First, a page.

Decluttering your wardrobe goes a long way to making a simple laundry routine a reality. If you let the laundry pile up, the task is so much more daunting.
The easiest way I’ve found to stay on top of the laundry is a load a day. It’s part of my daily morning routine. I usually end up folding later that day or sometimes the next.
Keeping clothes in separate bins according to laundry temperature also helps make it easier to toss a load in quickly.
If a daily laundry routine doesn’t sound necessary for your family size, check out this post for more ideas on how to make your own unique, simple laundry routine.
15. Make a clean kitchen before bed a non-negotiable habit.
If there is one thing that has completely changed my life in 2018, it was reinstating a “clean kitchen before bed” rule – no matter what.
After all, what are the two things that most trip up moms (and everyone else) on a daily basis?
Laundry and dishes.
I knew theoretically that waking up to a clean kitchen in the mornings had a positive effect on my mood and overall positive outlook on life.
But after a difficult 2017 getting a business off the ground, I let several cleaning habits slide. A clean kitchen before bed was one of them.
As a result, I often spent mornings preparing breakfast for the kids and taking care of last night’s mess. If it was a particularly complicated dinner the day before, those dishes sometimes got put off for more than one morning. Then I was dealing with it on the weekends.
That is no fun, plus it makes me far less likely to want to cook the next night or the night after that, making it a budget issue as well when take-out is the knee-jerk reaction to a lack of desire to cook what I planned that night.
Do yourself a favor and make it a non-negotiable. Unless you are deathly ill, the kitchen will be clean before you go to bed.
As it becomes a habit, it will be far easier to actually do, AND your life will be so much better as a result in more ways than one.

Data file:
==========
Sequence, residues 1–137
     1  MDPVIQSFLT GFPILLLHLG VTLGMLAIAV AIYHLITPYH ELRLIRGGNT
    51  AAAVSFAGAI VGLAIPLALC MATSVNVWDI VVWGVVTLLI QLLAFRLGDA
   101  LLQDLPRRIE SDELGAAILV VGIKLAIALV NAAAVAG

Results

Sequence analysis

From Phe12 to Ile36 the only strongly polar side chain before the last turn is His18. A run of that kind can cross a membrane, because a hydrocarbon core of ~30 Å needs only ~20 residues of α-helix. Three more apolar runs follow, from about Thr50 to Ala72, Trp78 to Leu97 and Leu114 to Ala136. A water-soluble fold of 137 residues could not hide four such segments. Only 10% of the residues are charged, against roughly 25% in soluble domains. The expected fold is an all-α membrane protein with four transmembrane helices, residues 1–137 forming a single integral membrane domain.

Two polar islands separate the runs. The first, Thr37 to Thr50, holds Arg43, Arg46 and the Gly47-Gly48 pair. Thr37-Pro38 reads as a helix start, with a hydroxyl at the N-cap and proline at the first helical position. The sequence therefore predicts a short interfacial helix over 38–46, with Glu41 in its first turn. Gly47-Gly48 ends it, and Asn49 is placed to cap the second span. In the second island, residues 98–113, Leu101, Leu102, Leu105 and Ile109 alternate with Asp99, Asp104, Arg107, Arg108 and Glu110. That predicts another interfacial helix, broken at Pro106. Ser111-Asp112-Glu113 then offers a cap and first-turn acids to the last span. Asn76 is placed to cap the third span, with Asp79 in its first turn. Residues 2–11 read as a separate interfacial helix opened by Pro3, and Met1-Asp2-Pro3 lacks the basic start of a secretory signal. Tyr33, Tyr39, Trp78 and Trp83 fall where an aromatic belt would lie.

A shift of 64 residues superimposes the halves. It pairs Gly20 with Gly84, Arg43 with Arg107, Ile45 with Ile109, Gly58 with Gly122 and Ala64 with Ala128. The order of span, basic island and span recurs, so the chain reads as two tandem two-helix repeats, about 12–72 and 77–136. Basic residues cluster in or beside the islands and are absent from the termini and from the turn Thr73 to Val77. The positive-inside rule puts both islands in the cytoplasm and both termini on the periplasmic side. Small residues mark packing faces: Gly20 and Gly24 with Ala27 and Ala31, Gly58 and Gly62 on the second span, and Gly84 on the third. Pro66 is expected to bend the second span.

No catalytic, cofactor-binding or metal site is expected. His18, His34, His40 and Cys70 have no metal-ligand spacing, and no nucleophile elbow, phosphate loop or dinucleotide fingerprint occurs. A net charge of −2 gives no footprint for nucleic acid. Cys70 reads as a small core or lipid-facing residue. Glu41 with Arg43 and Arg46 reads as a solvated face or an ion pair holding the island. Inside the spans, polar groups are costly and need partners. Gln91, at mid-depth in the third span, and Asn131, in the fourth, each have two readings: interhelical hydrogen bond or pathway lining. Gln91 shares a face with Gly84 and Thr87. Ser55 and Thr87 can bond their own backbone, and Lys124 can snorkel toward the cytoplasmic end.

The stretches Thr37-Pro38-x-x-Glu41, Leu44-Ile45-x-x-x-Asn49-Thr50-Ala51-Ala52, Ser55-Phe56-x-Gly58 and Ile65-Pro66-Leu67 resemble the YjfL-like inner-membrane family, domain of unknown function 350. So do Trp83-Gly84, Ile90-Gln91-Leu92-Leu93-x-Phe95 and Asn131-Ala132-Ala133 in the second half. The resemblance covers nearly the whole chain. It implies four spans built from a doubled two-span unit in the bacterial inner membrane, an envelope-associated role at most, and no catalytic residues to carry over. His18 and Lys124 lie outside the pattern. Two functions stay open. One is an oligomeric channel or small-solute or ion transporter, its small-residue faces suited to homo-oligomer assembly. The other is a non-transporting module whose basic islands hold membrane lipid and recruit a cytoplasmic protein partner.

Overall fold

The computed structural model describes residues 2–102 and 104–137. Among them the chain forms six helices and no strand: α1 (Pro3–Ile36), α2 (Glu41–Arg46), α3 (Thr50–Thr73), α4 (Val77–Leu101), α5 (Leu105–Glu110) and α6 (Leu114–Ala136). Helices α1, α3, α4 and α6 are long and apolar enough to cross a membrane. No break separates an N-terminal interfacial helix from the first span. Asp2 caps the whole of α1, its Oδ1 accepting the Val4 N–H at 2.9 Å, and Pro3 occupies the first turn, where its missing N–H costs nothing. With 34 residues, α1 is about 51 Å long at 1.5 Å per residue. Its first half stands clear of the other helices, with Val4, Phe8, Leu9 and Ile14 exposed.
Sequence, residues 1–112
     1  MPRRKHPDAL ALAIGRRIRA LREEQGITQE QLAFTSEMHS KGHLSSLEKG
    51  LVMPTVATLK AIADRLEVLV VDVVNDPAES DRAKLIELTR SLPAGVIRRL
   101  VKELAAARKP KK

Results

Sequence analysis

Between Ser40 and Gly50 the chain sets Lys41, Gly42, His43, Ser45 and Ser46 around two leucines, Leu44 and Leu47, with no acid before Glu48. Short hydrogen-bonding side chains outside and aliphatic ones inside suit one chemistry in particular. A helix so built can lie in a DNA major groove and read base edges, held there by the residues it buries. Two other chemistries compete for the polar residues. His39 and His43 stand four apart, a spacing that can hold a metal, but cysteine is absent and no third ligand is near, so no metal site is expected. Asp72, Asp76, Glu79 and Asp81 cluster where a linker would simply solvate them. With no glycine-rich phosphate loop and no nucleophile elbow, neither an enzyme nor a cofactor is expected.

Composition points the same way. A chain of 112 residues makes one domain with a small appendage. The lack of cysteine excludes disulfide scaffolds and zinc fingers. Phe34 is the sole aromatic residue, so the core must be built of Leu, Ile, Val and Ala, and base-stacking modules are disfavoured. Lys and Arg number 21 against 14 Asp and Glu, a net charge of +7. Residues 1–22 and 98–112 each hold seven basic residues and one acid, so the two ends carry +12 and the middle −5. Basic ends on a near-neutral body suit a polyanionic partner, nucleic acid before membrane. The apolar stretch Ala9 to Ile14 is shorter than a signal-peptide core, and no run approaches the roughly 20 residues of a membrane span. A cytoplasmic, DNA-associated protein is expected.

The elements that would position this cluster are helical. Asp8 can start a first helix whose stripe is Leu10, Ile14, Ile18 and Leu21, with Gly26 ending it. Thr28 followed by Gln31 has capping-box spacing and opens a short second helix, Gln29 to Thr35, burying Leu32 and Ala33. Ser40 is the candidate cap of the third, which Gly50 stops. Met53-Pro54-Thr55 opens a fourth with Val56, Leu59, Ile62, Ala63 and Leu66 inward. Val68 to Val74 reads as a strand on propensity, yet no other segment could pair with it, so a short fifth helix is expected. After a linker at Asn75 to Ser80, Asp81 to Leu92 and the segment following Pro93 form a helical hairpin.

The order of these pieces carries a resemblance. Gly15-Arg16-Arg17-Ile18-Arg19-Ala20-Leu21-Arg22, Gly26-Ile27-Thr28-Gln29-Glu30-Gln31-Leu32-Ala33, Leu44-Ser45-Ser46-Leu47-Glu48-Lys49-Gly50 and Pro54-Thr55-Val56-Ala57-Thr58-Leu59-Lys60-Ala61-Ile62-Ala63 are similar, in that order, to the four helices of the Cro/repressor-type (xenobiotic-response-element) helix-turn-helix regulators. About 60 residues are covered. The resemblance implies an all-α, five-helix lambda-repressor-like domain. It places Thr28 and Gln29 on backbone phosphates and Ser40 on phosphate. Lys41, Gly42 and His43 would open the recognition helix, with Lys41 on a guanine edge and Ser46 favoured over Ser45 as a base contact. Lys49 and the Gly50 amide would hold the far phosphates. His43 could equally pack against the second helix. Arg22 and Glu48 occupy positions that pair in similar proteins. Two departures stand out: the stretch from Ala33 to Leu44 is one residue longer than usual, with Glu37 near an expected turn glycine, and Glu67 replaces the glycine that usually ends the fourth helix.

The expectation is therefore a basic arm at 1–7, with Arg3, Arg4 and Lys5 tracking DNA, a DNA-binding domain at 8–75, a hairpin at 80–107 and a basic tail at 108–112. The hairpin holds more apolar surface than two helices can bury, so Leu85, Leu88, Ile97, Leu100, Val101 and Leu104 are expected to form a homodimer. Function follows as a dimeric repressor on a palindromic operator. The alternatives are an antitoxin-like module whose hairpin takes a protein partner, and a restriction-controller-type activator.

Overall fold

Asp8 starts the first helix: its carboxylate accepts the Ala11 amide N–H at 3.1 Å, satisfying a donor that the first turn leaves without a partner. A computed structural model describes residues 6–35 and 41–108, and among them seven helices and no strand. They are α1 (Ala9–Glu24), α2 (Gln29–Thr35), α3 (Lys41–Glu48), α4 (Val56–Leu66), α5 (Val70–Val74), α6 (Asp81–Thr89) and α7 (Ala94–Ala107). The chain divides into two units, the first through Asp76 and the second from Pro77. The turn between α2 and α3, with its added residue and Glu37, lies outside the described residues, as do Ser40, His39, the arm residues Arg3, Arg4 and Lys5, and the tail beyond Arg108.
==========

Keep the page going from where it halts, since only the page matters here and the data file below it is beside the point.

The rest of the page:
16. Clear your surfaces.
This is a classic minimalist suggestion that makes a huge difference. This summer, at the advice of another minimalist blogger, I decided to try to declutter my kitchen countertops.
I really didn’t think it was possible because our kitchen is so small, and I was skeptical that it would make much of a difference.
I was so wrong.
Clear surfaces invite you to use them, and they make it easy to do so.
I no longer feel overwhelmed when it’s time to cook. I know I have the space to do it now: no prep required.
I carried the clear surfaces principle as much as possible into every other room in our house (although we don’t have many other pieces of furniture with large, open surfaces apart from end tables), and it’s had a similar effect in those rooms.
Cluttered surfaces add stress to your life because those surfaces cannot be used the way they were intended to be used. Find other places to store what used to occupy those surfaces, and enjoy the benefits of a surface you can actually use!
17. Become a one-car family if at all possible.
Unless having two cars is absolutely simplifying your life, as in there are too many conflicting commitments between you and your spouse (and kids) to make one car work, one car can make life so much simpler.
Owning and maintaining one car is, quite simply, half the work on owning and maintaining two. And that doesn’t even factor in the cost of one versus two vehicles.
We don’t have a car payment, our car insurance is ridiculously cheap, and we only have the stress of one car’s repairs and maintenance.
All of those benefits are worth the occasional inconvenience.
18. Pay bills as soon as you receive them, and automate whenever possible.
Paying bills as soon as you receive them is a great way to reduce stress and simplify life.
While it may work for some people to sit down and pay bills all on one day, I’ve found that with different due dates, it wasn’t possible with our income and budget to pay them all at once.
We use one main credit card for almost every expense (except for Amazon purchases, then we use this car to get 5% back on all our Amazon purchases). This allows us to get most of the clothes for our family of soon-to-be 7 for free with reward points.
Other people make this work by staying one month ahead of their expenses. All of this month’s expenses are paid with last month’s income.
However you choose to go about it, paying bills as soon as you receive them is a great way to simplify your life and avoid late payments and additional late fees.
19. Make savings automatic.
Most of us have heard the saying, “Pay yourself first,” but how many of us actually follow that advice?